* Fleet Review
* 2019 Draft Operating Budget Review

View the full Agenda here

Municipal Council -- Regular Meeting on Tuesday, Feb 26th at 6pm in Quesnel Council Chambers (4th Floor, 410 Kinchant St). On the Agenda:

* Banner Presentation -- Quesnel Ambassador Leadership Society

* Rise/Report from In-Camera -- February 11 and 12, 2019 Quesnel City Council Strategic Planning Sessions - Cariboo Regional District Northern Directors - Use of Alternate Directors at North Cariboo Joint Planning Committee Meetings - click here

* Administration Report #1B/19 - Contravention of Municipal Building Regulations - Notices on Titles (5)
* Veterans' Way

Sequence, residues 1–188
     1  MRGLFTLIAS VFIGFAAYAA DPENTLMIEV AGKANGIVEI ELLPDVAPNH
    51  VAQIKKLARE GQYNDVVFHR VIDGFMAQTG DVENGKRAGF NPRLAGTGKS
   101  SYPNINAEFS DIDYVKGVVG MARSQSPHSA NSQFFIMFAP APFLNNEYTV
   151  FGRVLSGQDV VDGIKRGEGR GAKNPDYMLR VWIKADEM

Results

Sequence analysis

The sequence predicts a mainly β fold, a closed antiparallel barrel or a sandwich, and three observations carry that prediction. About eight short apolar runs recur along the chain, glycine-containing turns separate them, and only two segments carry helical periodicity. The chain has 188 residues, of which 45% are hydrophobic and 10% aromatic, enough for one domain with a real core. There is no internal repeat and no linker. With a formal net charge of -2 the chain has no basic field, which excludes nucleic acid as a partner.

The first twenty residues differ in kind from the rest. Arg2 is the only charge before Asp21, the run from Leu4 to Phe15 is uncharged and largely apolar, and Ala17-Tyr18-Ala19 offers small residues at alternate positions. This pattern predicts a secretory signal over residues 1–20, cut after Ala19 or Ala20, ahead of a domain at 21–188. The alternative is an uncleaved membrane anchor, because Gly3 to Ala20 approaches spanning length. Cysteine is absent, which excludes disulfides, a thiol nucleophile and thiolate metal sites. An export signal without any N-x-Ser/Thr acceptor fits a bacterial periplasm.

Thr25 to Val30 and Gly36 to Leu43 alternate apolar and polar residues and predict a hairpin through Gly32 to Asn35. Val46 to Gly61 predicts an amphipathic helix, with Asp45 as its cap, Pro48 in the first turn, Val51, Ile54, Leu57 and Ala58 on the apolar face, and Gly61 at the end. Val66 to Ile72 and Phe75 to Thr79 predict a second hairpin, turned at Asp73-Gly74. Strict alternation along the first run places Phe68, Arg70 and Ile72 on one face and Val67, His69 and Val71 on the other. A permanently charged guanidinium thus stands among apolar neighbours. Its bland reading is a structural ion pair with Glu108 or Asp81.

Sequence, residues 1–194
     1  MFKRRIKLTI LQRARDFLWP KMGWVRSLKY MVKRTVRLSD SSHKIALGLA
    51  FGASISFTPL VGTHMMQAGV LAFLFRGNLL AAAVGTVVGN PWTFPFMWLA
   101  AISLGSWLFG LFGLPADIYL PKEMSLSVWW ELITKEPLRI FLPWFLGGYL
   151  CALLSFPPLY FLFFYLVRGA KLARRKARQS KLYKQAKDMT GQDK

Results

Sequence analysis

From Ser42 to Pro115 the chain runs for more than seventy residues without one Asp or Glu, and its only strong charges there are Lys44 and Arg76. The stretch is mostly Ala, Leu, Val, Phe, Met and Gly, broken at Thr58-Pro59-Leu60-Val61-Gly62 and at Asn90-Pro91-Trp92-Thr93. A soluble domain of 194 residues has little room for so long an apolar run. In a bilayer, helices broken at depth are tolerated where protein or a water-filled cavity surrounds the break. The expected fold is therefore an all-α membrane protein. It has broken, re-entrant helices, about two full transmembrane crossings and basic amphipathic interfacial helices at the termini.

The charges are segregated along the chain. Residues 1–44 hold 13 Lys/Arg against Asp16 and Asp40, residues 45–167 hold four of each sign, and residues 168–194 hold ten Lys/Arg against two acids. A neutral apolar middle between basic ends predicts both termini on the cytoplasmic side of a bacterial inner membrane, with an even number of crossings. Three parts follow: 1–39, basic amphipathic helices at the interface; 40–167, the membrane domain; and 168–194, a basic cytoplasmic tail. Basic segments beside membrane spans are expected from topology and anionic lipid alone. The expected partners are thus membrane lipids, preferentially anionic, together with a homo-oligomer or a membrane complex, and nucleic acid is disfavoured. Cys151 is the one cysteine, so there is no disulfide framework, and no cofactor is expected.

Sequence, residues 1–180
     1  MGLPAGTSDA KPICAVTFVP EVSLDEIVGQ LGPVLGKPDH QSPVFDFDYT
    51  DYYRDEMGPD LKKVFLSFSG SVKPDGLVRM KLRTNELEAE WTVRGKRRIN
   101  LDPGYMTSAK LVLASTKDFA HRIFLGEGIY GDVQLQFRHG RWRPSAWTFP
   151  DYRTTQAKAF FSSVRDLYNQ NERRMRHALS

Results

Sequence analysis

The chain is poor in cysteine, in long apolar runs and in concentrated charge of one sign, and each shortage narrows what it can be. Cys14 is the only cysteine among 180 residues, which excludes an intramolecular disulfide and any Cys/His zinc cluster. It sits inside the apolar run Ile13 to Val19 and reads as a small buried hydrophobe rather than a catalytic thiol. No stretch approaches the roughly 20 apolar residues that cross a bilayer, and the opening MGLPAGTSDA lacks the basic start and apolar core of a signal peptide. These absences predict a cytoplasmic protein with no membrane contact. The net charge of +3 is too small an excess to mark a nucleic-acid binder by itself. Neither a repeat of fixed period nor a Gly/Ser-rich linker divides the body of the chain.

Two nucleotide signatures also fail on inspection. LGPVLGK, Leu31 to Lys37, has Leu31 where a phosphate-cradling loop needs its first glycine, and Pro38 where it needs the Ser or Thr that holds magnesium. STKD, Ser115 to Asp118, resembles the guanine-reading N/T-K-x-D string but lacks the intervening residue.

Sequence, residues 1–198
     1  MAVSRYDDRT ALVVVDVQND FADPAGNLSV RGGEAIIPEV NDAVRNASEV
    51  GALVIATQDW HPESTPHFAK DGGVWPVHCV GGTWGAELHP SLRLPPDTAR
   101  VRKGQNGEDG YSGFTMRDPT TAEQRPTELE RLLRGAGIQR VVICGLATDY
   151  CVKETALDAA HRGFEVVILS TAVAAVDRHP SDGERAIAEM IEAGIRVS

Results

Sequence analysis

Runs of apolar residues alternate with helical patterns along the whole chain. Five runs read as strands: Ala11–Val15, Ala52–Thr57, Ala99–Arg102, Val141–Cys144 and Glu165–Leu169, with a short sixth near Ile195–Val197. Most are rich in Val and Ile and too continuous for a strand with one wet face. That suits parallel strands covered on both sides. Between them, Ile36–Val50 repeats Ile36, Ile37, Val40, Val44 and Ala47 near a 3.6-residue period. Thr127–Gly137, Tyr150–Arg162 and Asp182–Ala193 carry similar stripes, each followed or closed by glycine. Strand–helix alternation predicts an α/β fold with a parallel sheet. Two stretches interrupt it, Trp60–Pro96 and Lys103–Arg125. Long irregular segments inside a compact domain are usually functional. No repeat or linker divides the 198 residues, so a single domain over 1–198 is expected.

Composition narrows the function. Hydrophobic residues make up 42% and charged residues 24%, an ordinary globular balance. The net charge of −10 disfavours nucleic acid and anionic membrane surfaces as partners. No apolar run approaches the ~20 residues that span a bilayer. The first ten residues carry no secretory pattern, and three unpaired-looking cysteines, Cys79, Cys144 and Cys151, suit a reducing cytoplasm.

* Cannabis Applications - License Review
* 2019 Budget Survey Results

View the full Agenda here 

Executive Committee - Regular Meeting on Wednesday, February 27th at 9am in the Fraser Room (4th Floor, 410 Kinchant St).  On the Agenda:

* Airport Committee
* Council Travel Reporting Process - Verbal Report of the City Manager
* Community Policing Office - Verbal Report of the City Manager

View the full Agenda here

School District #27 (Cariboo-Chilcotin) -- Regular Board of Education Meeting on Tuesday, Feb 26th at 6:30pm in the SD27 Boardroom (350 2nd Avenue, Williams Lake). On the Agenda:

* Presentations -- School District No. 27 Career Programs - Creating Vision, Developing Skills, and Building Pathways & The Learning Framework in Action

* 2019-2020 School Calendar
* 2019-2020 School Fees
* Reports from Superintendent and Secretary-Treasurer

View the full Agenda here